11721044992          143         
      11721045135           32         Sec GPT table
      11721045167            1         Sec GPT header

Since wedges are currently only created when a device is attached, we need either a reboot or some magic using drvctl.


    % sudo drvctl -d wd1
    % sudo drvctl -d wd2
    % sudo drvctl -a ata_hl -r atabus3
    % sudo drvctl -a ata_hl -r atabus4

NetBSD-current as a of 20141104 can rescan a device for wedges instead. This will delete all unused wedges for a device and readd them according to the label.


    % sudo dkctl wd1 makewedges
    successfully scanned /dev/rwd1d.
    % sudo dkctl wd2 makewedges
    successfully scanned /dev/rwd2d.

The console or dmesg will reveal that both disks have been reattached and wedges have been created:


    wd1 at atabus3 drive 0
    wd1: 
    wd1: drive supports 16-sector PIO transfers, LBA48 addressing
    wd1: 5589 GB, 11628021 cyl, 16 head, 63 sec, 512 bytes/sect x 11721045168 sectors
    wd1: GPT GUID: 38ba6ff4-e48a-42e4-a513-fe217d7fa013
    dk5 at wd1: hugedisk1
    dk5: 11721043968 blocks at 1024, type: ccd
    wd1: drive supports PIO mode 4, DMA mode 2, Ultra-DMA mode 6 (Ultra/133)
    wd1(ahcisata0:1:0): using PIO mode 4, DMA mode 2, Ultra-DMA mode 6 (Ultra/133) (using DMA)
    wd2 at atabus4 drive 0
    wd2: 
    wd2: drive supports 16-sector PIO transfers, LBA48 addressing
    wd2: 5589 GB, 11628021 cyl, 16 head, 63 sec, 512 bytes/sect x 11721045168 sectors
    wd2: GPT GUID: 902717d6-5099-11e4-833b-001cc4d779ed
    dk6 at wd2: hugedisk2
    dk6: 11721043968 blocks at 1024, type: ccd
    wd2: drive supports PIO mode 4, DMA mode 2, Ultra-DMA mode 6 (Ultra/133)
    wd2(ahcisata0:2:0): using PIO mode 4, DMA mode 2, Ultra-DMA mode 6 (Ultra/133) (using DMA)

CCD

If the partitions (and wedges) were created with type ffs you could just use them to format filesystems and mount them but I created them with type ccd to be used by the concatenating disk driver.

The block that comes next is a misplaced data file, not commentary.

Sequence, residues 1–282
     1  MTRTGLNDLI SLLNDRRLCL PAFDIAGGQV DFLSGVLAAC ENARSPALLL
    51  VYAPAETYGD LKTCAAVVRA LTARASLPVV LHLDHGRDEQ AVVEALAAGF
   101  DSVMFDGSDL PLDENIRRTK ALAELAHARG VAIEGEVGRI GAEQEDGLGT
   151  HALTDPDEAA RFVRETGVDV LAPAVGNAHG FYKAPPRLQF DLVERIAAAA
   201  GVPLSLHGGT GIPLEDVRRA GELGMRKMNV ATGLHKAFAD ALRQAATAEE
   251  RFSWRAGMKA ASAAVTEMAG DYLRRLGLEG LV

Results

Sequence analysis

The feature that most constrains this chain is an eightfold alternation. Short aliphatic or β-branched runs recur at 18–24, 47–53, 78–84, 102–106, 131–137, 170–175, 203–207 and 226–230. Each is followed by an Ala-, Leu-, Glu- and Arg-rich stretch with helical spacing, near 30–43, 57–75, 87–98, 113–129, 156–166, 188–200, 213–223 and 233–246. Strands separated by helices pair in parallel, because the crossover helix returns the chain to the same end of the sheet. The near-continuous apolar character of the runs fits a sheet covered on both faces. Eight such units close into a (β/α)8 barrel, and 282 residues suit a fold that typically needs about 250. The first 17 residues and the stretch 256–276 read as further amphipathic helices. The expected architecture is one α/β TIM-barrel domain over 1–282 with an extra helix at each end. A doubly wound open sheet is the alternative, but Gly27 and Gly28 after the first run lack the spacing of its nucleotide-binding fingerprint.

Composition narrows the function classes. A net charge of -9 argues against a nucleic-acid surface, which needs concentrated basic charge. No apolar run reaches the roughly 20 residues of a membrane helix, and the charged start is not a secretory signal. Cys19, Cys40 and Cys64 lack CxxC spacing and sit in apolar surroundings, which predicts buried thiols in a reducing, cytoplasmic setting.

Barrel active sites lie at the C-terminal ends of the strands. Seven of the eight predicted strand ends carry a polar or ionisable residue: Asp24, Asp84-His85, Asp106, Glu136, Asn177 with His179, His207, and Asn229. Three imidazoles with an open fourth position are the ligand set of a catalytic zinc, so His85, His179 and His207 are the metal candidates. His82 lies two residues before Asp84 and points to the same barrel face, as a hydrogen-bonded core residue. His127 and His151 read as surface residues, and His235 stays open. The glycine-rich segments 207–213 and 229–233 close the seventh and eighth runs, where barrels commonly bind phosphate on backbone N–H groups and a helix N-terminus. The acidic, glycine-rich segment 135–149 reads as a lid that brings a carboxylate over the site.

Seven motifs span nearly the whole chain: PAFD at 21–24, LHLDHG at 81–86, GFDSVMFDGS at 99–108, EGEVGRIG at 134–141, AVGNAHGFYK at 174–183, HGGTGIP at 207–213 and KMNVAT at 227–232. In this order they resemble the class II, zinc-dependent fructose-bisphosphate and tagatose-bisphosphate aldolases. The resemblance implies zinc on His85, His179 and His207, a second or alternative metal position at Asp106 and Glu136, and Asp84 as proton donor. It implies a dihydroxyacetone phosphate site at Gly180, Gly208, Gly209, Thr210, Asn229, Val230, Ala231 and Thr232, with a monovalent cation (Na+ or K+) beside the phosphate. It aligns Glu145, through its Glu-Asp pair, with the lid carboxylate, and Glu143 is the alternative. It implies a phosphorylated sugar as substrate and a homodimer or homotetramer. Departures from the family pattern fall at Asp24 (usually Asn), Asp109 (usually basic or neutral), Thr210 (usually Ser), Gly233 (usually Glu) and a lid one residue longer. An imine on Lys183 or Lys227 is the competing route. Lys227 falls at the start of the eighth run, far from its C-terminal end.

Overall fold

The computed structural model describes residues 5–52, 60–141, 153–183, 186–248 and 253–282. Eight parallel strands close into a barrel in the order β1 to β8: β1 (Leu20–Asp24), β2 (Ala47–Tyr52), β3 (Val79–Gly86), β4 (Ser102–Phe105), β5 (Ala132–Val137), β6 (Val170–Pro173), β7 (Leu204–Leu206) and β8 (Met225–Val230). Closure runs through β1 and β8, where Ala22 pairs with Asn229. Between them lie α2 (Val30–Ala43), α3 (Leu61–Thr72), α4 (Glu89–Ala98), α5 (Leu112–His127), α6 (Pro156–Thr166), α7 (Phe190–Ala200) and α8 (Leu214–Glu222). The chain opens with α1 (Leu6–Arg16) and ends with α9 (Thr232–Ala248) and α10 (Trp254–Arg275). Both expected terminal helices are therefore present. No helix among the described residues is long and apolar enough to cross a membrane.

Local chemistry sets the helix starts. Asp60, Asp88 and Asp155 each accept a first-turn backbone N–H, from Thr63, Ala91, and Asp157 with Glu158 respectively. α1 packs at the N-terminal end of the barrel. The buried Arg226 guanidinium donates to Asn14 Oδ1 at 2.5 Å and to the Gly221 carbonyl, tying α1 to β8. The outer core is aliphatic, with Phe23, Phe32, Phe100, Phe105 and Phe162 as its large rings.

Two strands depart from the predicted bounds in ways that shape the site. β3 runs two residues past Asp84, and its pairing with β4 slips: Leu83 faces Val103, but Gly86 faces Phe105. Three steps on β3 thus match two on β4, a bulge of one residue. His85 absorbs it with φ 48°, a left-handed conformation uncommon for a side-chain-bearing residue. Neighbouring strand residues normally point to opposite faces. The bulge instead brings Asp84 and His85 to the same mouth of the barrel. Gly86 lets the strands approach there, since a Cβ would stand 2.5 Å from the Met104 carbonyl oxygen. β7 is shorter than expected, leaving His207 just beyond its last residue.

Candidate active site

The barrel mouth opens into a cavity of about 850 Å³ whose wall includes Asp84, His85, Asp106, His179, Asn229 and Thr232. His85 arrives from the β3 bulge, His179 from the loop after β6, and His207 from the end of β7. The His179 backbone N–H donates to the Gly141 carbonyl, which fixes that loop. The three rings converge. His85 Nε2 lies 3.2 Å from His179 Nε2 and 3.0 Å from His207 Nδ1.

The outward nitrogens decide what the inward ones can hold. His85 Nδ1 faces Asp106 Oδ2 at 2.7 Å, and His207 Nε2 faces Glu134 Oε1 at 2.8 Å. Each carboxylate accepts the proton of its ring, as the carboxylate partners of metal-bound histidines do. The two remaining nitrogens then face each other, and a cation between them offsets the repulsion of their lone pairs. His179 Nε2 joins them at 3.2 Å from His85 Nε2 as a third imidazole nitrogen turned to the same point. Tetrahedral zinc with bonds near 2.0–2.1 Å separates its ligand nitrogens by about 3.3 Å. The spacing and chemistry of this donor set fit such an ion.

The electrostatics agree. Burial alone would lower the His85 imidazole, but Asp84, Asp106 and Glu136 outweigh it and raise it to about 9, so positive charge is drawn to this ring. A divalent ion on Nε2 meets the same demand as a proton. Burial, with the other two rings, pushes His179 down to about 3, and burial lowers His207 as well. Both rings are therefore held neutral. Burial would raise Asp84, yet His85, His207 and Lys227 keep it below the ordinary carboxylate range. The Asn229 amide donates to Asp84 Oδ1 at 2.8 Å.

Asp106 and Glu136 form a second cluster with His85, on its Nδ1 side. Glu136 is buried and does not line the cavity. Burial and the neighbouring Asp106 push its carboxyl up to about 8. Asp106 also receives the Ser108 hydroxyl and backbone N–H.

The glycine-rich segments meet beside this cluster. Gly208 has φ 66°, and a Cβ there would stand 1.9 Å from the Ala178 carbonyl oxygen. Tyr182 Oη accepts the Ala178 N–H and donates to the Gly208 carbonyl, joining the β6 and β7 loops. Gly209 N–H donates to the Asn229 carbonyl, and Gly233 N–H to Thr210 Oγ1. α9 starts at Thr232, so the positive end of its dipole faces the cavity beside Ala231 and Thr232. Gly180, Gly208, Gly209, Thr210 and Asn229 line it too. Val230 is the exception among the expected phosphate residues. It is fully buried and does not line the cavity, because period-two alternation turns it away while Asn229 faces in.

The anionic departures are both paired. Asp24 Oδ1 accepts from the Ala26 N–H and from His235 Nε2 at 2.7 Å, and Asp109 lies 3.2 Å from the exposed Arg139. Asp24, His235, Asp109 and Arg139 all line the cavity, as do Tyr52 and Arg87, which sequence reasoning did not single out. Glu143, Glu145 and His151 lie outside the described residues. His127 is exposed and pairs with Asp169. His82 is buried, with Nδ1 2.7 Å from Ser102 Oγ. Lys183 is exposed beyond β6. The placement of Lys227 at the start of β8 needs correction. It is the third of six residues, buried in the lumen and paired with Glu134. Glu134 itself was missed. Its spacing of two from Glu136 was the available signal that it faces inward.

ccd is a very old driver and has some deficiencies. For one, the ccdconfig tool didn't understand wedge names until very recently.


   % sudo ccdconfig -c ccd0 16 none NAME=hugedisk1 NAME=hugedisk2
   ccdconfig: NAME=hugedisk1: No such file or directory

configuring

For now we use the wedge device directly.


    % sudo ccdconfig -c ccd0 16 none /dev/dk5 /dev/dk6
    % disklabel ccd0
    # /dev/rccd0d:
    type: ccd
    disk: ccd
    label: fictitious
    flags:
    bytes/sector: 512
    sectors/track: 2048
    tracks/cylinder: 1
    sectors/cylinder: 2048
    cylinders: 11446332
    total sectors: 4294967295
    rpm: 3600
    interleave: 1
    trackskew: 0
    cylinderskew: 0
    headswitch: 0           # microseconds
    track-to-track seek: 0  # microseconds
    drivedata: 0 
    
    4 partitions:
    #        size    offset     fstype [fsize bsize cpg/sgs]
    a: 4294967295         0     4.2BSD      0     0     0  # (Cyl.      0 - 4294967295*)
    d: 4294967295         0     unused      0     0        # (Cyl.      0 - 4294967295*)
    disklabel: boot block size 0
    disklabel: super block size 0

using

Obviously the device that spans two disks is also too large for disklabel. What about wedges?


    % sudo dkctl ccd0 listwedges
    dkctl: /dev/rccd0d: listwedges: Inappropriate ioctl for device

The ccd driver does not support wedges at all. But we can still use the raw partition.


    % sudo newfs -O2 -F -s 23442087936 /dev/rccd0d
    /dev/rccd0d: 11446332.0MB (23442087936 sectors) block size 32768, fragment size 4096
            using 15420 cylinder groups of 742.31MB, 23754 blks, 46848 inodes.
    super-block backups (for fsck_ffs -b #) at:
    192, 1520448, 3040704, 4560960, 6081216, 7601472, 9121728, 10641984, 12162240, 13682496, 15202752, 16723008, 18243264,
    ......................................................................................................................
    % sudo mount /dev/ccd0d /mnt
    % df -h /mnt
    Filesystem         Size       Used      Avail %Cap Mounted on
    /dev/ccd0d          11T       4.0K        10T   0% /mnt
    % sudo umount /mnt
    % sudo ccdconfig -u ccd0

Raidframe

Since ccd wasn't that good, lets create a RAID0 using the raidframe driver.

First, change the partition types:


% sudo gpt type -i 1 -t ccd -T raid wd1
partition 1 type changed
% sudo gpt type -i 1 -t ccd -T raid wd2
partition 1 type changed
% sudo gpt show wd1
        start         size  index  contents
            0            1         PMBR
            1            1         Pri GPT header
            2           32         Pri GPT table
           34          990         
         1024  11721043968      1  GPT part - NetBSD RAIDFrame component